Enter your mobile number or email address below and we'll send you a link to download the free Kindle App. Then you can start reading Kindle books on your smartphone, tablet, or computer - no Kindle device required.
To get the free app, enter your mobile phone number.
Fast Food Nation: The Dark Side of the All-American Meal [FAST FOOD NATION] Unknown Binding – January 1, 2002
|New from||Used from|
Customers who bought this item also bought
Customers who viewed this item also viewed
What other items do customers buy after viewing this item?
Top customer reviews
There was a problem filtering reviews right now. Please try again later.
This book recounts the history behind the uprising of fast food to become a dominant force in our modern society. However, what most of us do not know is : "what lies behind the shiny, happy surface of every fast food transaction". Eric goes on to investigate every aspect of the fast food industry: people, cattle, vegetables, health etc. The storytelling techniques that he uses throughout the book bring this expose to life. The stories are descriptive, personal and touching.
A very educative and enlightening read, and a rude (much needed) awakening about the food industry in general and the fast food industry in particular.
Below are key excerpts from the book that I found particularly insightful:
"The history of the twentieth century was dominated by the struggle against totalitarian systems of state power. The twenty-first will no doubt be marked by a struggle to curtail excessive corporate power. The great challenge now facing countries throughout the world is how to find a proper balance between the efficiency and the amorality of the market."
"Today's fast food industry is the culmination of those larger social and economic trends. The low price of a fast food hamburger does not reflect its real cost - and should. the profits of the fast food chains have been made possible by losses imposed on the rest of society. The annual cost of obesity alone is now twice as large as the fast food industry's total revenues."
"The right pressure applied to the fast food industry in the right way could produce change faster than any act of Congress. The United Students Against Sweatshops and other activist groups have brought widespread attention to the child labor, low wages, and hazardous working conditions in Asian factories that make sneakers for Nike."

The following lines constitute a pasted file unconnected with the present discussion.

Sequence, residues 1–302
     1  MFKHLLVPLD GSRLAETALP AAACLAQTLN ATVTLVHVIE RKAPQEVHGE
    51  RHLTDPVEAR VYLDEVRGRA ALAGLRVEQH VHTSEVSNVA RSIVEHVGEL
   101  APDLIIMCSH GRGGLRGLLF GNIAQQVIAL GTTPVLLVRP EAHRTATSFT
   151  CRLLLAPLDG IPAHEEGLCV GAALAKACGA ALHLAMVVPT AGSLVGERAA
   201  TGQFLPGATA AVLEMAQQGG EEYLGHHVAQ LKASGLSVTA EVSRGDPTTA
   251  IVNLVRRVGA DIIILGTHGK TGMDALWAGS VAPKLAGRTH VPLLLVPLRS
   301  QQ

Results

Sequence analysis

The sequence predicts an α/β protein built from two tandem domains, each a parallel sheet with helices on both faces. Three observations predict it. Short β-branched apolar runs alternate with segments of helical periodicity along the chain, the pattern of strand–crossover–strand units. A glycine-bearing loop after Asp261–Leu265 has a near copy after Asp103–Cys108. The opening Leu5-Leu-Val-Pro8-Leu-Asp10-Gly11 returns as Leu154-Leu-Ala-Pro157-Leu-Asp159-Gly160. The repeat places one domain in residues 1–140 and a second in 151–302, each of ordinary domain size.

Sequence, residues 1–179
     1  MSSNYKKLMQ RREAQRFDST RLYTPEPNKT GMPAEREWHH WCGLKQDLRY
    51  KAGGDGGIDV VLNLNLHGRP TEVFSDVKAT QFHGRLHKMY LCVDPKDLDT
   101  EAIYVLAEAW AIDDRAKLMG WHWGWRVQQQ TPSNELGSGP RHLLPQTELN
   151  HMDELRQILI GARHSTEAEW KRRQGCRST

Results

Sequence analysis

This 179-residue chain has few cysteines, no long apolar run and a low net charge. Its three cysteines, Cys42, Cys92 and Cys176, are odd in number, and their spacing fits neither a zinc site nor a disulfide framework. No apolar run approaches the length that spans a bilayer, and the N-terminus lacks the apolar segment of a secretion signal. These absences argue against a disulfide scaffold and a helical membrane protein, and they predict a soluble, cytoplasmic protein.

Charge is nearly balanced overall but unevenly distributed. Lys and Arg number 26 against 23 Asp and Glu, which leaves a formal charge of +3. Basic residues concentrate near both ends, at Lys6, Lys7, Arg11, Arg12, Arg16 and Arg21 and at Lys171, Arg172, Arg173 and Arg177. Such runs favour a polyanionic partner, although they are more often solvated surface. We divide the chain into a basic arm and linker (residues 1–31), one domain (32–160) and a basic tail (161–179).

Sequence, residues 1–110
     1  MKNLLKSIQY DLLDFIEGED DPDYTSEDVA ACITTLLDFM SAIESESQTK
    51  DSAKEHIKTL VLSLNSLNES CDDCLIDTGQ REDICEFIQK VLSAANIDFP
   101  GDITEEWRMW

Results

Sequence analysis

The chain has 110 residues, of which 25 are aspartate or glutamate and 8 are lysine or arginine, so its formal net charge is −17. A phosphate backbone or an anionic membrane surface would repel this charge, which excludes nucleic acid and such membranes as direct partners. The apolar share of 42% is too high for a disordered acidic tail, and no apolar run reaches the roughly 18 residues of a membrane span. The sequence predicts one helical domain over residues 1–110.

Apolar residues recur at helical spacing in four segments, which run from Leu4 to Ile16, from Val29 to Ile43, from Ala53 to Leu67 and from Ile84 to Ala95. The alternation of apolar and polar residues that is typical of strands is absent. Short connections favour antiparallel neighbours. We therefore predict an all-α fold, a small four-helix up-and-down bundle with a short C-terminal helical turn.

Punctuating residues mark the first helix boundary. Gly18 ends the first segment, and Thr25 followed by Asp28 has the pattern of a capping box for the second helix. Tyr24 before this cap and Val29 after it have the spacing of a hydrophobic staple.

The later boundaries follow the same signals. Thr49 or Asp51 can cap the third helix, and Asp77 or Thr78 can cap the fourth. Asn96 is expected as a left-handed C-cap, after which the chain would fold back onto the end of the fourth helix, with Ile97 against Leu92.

"Nobody in the United States is forced to buy fast food. The first steps toward meaningful change is by far the easiest: stop buying it. The executives who run the fast food industry are not bad men. They are businessmen. They will sell free-range, organic, grass-fed hamburgers if you demand it. They will sell whatever sells at a profit. The usefulness of the market, its effectiveness as a tool, cuts both ways."
"Whatever replaces the fast food industry should be regional, diverse, authentic, unpredictable, sustainable, profitable - and humble. It should know its limits. People can be fed without being fattened or deceived. This new century may bring an impatience with conformity, a refusal to be kept in the dark, less greed, more compassion, less speed, more common sense, a sense of humor about bran essences and loyalties, a view of food as more than just fuel. Things don't have to be the way they are. Despite all evidence to the contrary, I remain optimistic."
This book has really changed my life. Schlosser goes into great detail describing how the food industry functions. I like how he writes about his personal experiences in the slaughterhouses and processing plants. It makes me think, "what has our world come to to take such extreme measures to make money! The number of lives sacrificed to get you that Big Mac is outrageous. Schlosser took many tours through slaughterhouses and interviewed many former employees that have been burned out from the tortuous conditions. The food itself is described in detail for us. Schlosser says that, "Everyday in the United States, roughly 200,000 people are sickened by food borne disease, 900 are hospitalized, and 14 die". I appreciate the detail and evidence he includes when giving these facts. This information he was giving however, was a little disorganized. Facts were sprawled out on the page, and the amount of facts were overwhelming. It was almost too much to take in at once. This made it a hard read, and I did not like that about this book. He also starts out slow with a lot of history and background information. How the food is made and processed isn't described in detail until halfway through the book.
His main message presented was how the fast food industry is affecting society. This book may have been published in 2001, but the information still accurately describes the industry today. He makes a point to mention that this book is not outdated in the afterward of the 2011 version.
I recommend this book to anyone. Having more people know about what is really behind the Big Mac and the Whopper will help society understand what they are eating and how it can affect them. Schlosser's book Chew on This is a great companion to the book as it describes "everything you never wanted to know about fast food". He was also the co producer of the movie Food Inc. which I also recommend if you want to learn more about the fast food industry.
Most recent customer reviews
I've had this book for almost 20 years now, as I was supposed to have read it for my sociology class.Read more